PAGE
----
I was listening to a poker podcast recently and the host referred to his Ah 8h as the nuts on an A 8 2 rainbow flop.

I understand that sets "out-nut" 2-pair, but I believe the intention of the host was that he will be playing his top 2-pair like a set, and if someone flopped a bigger set then its a cooler and too bad.

In this situation the host described they are against experienced players, who are capable of having a wide range and are very unlikely to only have sets in their range.

I am wondering if anyone agrees with this line of thought, and if its profitable in the long run, particularly for top 2-pair, to be played like they are winners (especially on a dry board).

  • It would be nice to know more information about the information the host had before hand, etc. It is pretty unlikely for 2 pair to run into a set so perhaps the host meant it form that point of view that if they have the set vs top two pair it's pretty unlucky.
    – Grinch91
    Feb 21, 2017 at 11:12
  • Against experienced players its going to be hard to only have sets in their range. Similarly I dont think folding bottom set with 22 can be profitable in the long run. the question is if its the same with top 2 pair.
    – sakon
    Feb 22, 2017 at 1:40
  • All 2-pairs are not equal. Top 2-pair (the case) can be pretty much played like a set as the possibility of a AA or 88 is greatly reduced and sort of a cooler. Sure you fear 22 but you still have outs even in this case. I believe that was the intention. Having a 82o pair is way different. Most regulars would play a top 2-pair exactly like a set here, regardless the number of opponents, based mosty on flop texture and villain tendencies.
    – vlzvl
    Feb 22, 2017 at 22:55
  • Thats the answer i was looking for. Thanks!
    – sakon
    Feb 23, 2017 at 1:12
  • Link or reference to podcast?
    – Toby Booth
    Feb 24, 2017 at 8:50

3 Answers 3


While technically not being ''the nuts'', this term is often used when someone smashes the flop and is unlikely to be behind.

In this case A8 should be miles ahead of your opponents range and you should be looking to get some value from Ax, 8x, A2 and maybe some other hands. Of course sets will still beat you, but you cannot be afraid for the monster under the bed. There are plenty of worse hands your opponent will call you with, besides you block most sets. To conclude, yes this hand should definitely be played as the winner here. If you only play sets like a winner in this spot, you really underplay your range, since sets are an extremely small percentage of your range. And ultimately, especially against experienced players, you will get pushed out of the pot way too often.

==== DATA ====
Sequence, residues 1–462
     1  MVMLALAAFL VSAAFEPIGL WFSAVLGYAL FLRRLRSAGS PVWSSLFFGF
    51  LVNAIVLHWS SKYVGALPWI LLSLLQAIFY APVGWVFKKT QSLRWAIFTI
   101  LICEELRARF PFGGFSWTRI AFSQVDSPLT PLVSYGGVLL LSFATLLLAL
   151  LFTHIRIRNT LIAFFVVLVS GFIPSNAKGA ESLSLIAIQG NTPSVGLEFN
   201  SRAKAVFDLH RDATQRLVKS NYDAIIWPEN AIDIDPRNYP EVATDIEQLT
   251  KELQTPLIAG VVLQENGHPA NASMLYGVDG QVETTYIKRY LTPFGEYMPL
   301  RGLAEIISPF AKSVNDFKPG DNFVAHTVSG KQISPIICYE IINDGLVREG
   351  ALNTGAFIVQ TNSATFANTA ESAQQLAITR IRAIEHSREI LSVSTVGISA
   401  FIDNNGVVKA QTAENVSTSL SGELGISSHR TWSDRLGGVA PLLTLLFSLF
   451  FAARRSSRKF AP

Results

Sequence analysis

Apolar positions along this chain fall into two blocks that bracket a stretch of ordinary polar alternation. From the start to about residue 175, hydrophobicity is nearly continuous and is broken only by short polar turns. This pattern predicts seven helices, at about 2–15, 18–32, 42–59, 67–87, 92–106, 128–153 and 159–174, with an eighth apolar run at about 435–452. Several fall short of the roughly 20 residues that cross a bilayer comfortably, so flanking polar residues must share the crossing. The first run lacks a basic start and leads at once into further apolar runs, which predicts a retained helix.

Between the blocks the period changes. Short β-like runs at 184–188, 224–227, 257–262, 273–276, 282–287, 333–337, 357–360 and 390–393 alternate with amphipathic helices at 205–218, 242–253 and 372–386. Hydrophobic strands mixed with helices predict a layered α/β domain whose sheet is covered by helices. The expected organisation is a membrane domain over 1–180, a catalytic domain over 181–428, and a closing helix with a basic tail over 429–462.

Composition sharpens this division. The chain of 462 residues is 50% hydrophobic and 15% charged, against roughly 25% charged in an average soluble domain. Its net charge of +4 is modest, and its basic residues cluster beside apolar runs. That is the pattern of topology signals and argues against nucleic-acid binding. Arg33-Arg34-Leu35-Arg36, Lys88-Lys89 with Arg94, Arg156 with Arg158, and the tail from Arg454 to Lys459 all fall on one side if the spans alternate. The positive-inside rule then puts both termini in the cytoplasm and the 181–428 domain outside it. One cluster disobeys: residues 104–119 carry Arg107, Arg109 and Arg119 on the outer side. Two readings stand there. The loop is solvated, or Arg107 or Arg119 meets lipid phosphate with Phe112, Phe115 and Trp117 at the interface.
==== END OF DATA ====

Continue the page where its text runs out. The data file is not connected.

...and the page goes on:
Top two pair could be behind. Be cautious.

  • You are drawing dead to AA and there is one of those in the deck.
    He could have slow played AA pre-flop.
  • Against 88 you only have two outs and there is one 88 in the deck.
  • Against 22 you only have four outs and there are three 22 in the deck.

Of the 1081 possible hands for your opponent you are behind 5.

  • he is not drawing dead against aces, because he can hit running eights for quads
    – Raymond
    Apr 1, 2017 at 7:26

A8 Blocks sets to where there is only one combo of 88 and AA left and only 6 combos of 22 left. This effectively gives you the "nuts" in a scenario where its highly unlikely that your opponents range has you beat.

  • While useful, this doesn't add anything not already covered in other answers.
    – Herb
    Apr 1, 2017 at 4:40

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